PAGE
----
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Summary

  • Exact Sciences (EXAS) is a molecular diagnostics company focused on colorectal cancer.
  • On March 27, 2014, the Molecular and Clinical Genetics Panel will review the premarket approval application (PMA) for the company's Cologuard stool-DNA-based, non-invasive colorectal cancer screening test.
  • After carefully reviewing the published scientific evidence, we believe that Cologuard will receive favorable review on its PMA.

Exact Sciences (NASDAQ:EXAS) is a molecular diagnostics company focused on colorectal cancer. The company has exclusive intellectual property protecting its non-invasive, molecular screening technology for the detection of colorectal cancer. On March 27, 2014, the Molecular and Clinical Genetics Panel of the Medical Devices Advisory Committee of the U.S. Food and Drug Administration will review the premarket approval application (PMA) for the company's Cologuard stool-DNA-based, non-invasive colorectal cancer screening test. After carefully reviewing the published scientific evidence, we believe that Cologuard will receive favorable review on its PMA.

Over 600,000 people die from colorectal cancer (CRC) annually worldwide [1]. It is the second leading cause of cancer deaths in the US [2]. According to the Journal of the National Cancer Institute, CRC is often considered the most preventable, yet least prevented cancer. Nearly 50 percent of those age 50 and older have not been screened as recommended. Over 75% of CRC occurs in people with no genetic risks. Most common risk factors include increasing age and unhealthy lifestyle choices [3]. People with inflammatory bowel disease or family history of genetic syndromes such as familial adenomatous polyposis are at higher risk of CRC [3]. Most deaths due to CRC are associated with metastatic disease. CRC confined in the colon is curable by physical removal of the cancer. Standard screening methods are invasive colonoscopy and sigmoidoscopy, which involve a lighted flexible tube passed through the anus, providing a visual diagnosis and opportunity for biopsy. Fecal occult blood test (FOBT) is a non-invasive test, which checks for hidden blood in fecal material by detecting hemoglobin protein stool samples [4].

Cologuard assays exfoliated DNA markers (methylated BMP3 and NDRG4, mutant KRAS, beta-actin) and fecal hemoglobin to detect CRC and its precursors, advanced adenoma (AA) and sessile serrated adenoma (SSA) [5]. In the company's early trial, using 385 cases (133 AA + 252 CRC) and 293 controls collected from 5 sites, their stool DNA ((sDNA)) assay showed 85% detection sensitivity for CRC and 63% detection sensitivity for AA>1cm at 90% specificity cut-off, compared to the reference colonoscopy method [6]. Importantly, sDNA detection rate was not affected by neoplasm site, indicating that sDNA assay can detect both left-sided and right-sided colorectal neoplasms, in contrast to all conventional screening methods, which are biased toward detecting left-sided colorectal neoplasms. Later, the company conducted another study on independent set of 207 cases (30 SSA + 80 AA + 93 CRC) and 796 controls to test their automated sDNA assay. In the study, they achieved 98% (n=98) detection rate for CRC at 90% specificity cut-off [5]. For AA/SSA, the detection sensitivity increases with increasing lesion size, from 60% (n=84) for AA/SSA>1cm to 83% (n=24) for AA/SSA>3cm. In the preliminary results from the company's largest trial, so-called 'DeeP-C' study where >12,000 patients were enrolled from 90 sites, the company claims to achieve 92% sensitivity for CRC and 66% for AA>2cm and 42% for all pre-cancerous polyps [7].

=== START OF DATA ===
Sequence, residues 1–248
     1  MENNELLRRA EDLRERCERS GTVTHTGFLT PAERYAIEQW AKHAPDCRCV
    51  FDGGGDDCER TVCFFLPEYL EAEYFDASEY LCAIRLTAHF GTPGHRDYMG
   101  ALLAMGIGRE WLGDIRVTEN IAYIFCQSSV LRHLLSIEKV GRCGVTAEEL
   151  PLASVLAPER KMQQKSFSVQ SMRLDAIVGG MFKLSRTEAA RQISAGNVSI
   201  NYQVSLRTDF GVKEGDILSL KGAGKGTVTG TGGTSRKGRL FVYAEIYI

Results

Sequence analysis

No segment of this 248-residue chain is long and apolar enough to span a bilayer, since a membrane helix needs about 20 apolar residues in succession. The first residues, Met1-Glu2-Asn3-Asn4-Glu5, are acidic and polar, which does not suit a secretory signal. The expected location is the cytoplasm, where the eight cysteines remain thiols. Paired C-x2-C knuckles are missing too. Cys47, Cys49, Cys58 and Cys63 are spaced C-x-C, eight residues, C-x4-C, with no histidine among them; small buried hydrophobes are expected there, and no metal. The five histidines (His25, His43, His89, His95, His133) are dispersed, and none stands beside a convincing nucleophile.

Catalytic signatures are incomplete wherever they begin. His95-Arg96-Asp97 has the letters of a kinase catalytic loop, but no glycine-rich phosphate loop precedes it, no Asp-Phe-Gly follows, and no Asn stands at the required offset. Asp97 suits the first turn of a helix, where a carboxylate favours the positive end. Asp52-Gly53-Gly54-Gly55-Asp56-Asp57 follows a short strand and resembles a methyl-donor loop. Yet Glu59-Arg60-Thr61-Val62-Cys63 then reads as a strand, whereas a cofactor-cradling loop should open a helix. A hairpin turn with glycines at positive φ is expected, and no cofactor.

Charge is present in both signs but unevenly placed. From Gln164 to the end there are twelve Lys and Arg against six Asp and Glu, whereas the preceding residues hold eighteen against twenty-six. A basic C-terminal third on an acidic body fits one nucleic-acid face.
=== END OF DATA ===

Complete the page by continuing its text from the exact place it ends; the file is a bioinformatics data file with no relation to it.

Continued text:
FOBT, a comparable non-invasive screening method currently available, appears much less sensitive than sDNA assay in detecting CRC and its precursors. Other researchers have reported FOBT detection rate as 13% for CRC, 11% for AA, and 5% for minor polyps [8]. EXAS also conducted a study to compare the performance between Cologuard and FOBT in detecting SSA using 29 SSA≥1cm and 232 controls with no polyps and concluded that a single marker in Cologuard (mBMP3) achieved 66% detection sensitivity at 91% specificity cut-off while FOBT achieved 10% [9]. They also found that Hemoglobin marker alone showed no discrimination between cases and controls, corroborating the low detection rate by FOBT. The company also claims that they exceeded all end-points including comparison with FOBT in their large-scale DeeP-C trial, although the data are not public yet [7].

Compared to existing methods, Cologuard offers a reliable CRC screening choice in a completely non-invasive form. If the company successfully obtains coverage from the Centers for Medicare and Medicaid Services for Cologuard, it could at least completely replace FOBT and/or increase the CRC screening market size by involving people who would otherwise not be screened for CRC due to the invasive colonoscopy procedure. In short, we believe Cologuard will be approved by the FDA sometimes this year and EXAS stock is a strong buy.

References:

1. http://www.ncbi.nlm.nih.gov/pubmed/19505900.

2. http://www.ncbi.nlm.nih.gov/pubmed/19474385.

3. http://www.cancer.gov/cancertopics/wyntk/colon-and-rectal/page4.

4. http://www.cancer.gov/cancertopics/factsheet/detection/colorectal-screening.

5. http://www.ncbi.nlm.nih.gov/pubmed/23639600.

6. http://www.ncbi.nlm.nih.gov/pubmed/22062357.

7. http://investor.exactsciences.com/releasedetail.cfm?ReleaseID=757341.

8. http://www.ncbi.nlm.nih.gov/pubmed/15616205.

9. http://www.ncbi.nlm.nih.gov/pubmed/?term=24465639.

Source: Exact Sciences' Stool-DNA-Based Colorectal Cancer Screening Test Likely To Get Favorable Review On Its PMA

Additional disclosure: Beacon VP Investments is a team of analysts. This article was written by Hyun Ji Noh on behalf of Beacon VP Investments.